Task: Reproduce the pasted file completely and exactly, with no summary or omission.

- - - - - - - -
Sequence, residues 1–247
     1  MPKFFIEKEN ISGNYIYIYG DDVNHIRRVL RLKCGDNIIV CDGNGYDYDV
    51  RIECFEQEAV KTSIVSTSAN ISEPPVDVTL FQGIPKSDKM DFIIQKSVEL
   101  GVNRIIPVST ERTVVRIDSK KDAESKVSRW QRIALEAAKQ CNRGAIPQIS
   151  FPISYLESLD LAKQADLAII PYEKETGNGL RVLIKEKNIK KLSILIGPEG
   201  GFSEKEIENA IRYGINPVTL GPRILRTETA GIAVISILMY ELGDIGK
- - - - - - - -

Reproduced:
Sequence, residues 1–247
     1  MPKFFIEKEN ISGNYIYIYG DDVNHIRRVL RLKCGDNIIV CDGNGYDYDV
    51  RIECFEQEAV KTSIVSTSAN ISEPPVDVTL FQGIPKSDKM DFIIQKSVEL
   101  GVNRIIPVST ERTVVRIDSK KDAESKVSRW QRIALEAAKQ CNRGAIPQIS
   151  FPISYLESLD LAKQADLAII PYEKETGNGL RVLIKEKNIK KLSILIGPEG
   201  GFSEKEIENA IRYGINPVTL GPRILRTETA GIAVISILMY ELGDIGK